On the inter-connectedness of some things
The past couple of weeks have offered some stark reminders of how small the world can seem.
I attended a ceremony at the Spanish embassy on the 20th, and a funeral in the south end of Ottawa on the 22nd. Both events involved family.
I could not help but be reminded of just deep are my own roots into the past. For instance, I am but a single "degree of separation" from the 19th century; my father's father, who lived until 1996, was born in 1899 and fought in the Russian Revolution.
Almost two weeks ago now, my father's last remaining aunt, his mother's sister, passed away (though her funeral was not held until this past Saturday).
I didn't know her well; she had been more of an occasional, if benevolent, presence than a person to me, but the elegies I heard made me wish I had known her much better.
Mother of five, whose husband ran out shortly after the last baby was born, Auntie Pearl raised her children on her own. By all reports, she did so with a generosity and love that spread far beyond her blood-ties; I think close to a hundred people turned out to say goodbye, many of them friends, not family.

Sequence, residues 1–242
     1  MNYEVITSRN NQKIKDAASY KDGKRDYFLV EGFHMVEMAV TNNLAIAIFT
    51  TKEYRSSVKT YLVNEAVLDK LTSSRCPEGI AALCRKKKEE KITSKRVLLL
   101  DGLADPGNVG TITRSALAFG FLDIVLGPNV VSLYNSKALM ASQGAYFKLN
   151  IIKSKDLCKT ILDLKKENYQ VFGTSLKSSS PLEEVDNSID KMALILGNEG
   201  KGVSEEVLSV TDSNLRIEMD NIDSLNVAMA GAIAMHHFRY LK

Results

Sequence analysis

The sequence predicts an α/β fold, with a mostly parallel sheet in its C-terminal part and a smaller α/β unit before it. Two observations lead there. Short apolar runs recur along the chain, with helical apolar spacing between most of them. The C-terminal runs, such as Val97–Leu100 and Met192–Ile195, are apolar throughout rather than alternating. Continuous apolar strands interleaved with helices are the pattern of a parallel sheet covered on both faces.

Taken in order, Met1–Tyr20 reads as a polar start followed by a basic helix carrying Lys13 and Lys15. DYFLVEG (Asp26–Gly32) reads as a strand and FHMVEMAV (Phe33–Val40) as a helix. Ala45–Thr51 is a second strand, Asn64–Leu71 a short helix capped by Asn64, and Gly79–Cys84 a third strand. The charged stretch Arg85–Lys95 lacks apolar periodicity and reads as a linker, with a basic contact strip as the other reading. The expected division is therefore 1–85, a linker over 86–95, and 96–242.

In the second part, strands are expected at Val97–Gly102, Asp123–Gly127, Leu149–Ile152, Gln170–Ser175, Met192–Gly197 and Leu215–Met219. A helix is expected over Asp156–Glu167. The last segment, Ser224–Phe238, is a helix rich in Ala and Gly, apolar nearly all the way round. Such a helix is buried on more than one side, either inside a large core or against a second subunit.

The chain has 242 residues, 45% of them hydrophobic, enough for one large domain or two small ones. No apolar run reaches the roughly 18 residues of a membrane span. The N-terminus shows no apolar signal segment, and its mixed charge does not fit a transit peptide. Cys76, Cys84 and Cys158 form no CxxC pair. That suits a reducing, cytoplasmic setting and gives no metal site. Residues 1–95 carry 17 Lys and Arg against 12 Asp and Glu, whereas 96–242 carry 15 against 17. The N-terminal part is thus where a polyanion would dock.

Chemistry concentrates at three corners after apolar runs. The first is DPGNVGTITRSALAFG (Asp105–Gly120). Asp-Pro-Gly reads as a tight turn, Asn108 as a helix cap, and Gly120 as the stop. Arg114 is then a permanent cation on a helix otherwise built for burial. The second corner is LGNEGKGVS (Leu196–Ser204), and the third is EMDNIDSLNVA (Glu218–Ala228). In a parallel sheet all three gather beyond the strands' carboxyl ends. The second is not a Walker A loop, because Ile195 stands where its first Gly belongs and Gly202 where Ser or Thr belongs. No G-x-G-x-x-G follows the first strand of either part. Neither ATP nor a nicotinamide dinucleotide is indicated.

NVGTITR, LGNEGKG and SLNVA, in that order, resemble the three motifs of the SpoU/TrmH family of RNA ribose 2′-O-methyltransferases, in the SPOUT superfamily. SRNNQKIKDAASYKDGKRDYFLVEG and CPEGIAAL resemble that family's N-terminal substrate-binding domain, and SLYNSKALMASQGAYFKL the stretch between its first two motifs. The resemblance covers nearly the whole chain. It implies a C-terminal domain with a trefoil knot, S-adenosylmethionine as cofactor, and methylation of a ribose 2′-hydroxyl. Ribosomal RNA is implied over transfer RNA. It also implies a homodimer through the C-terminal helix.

Coincidentally and on a much happier note, on my mother's side of the family, my great uncle Jules was in town last week, the last living Canadian veteran of the Spanish Civil War.
Uncle Jules was here at the request of the government of Spain which, finally, was to follow through on a promise made 15 years ago to those who had volunteered to fight against Franco's fascists in the dark days before the Second World War.
Entirely by accident, during a ceremony at the Spanish Embassy, I learned that the man who designed Ottawa's memorial to the "Mac-Paps" lives in Sudbury and knows my mother, as does his wife, who is the editor of Sudbury Living, a magazine for which my mother has been writing recently.
The world can sometimes seem very close indeed. And history too is often not nearly so far away as it seems.This entry was originally posted at http://ed-rex.dreamwidth.org/233031.html. Comment there using OpenID, or here as per normal.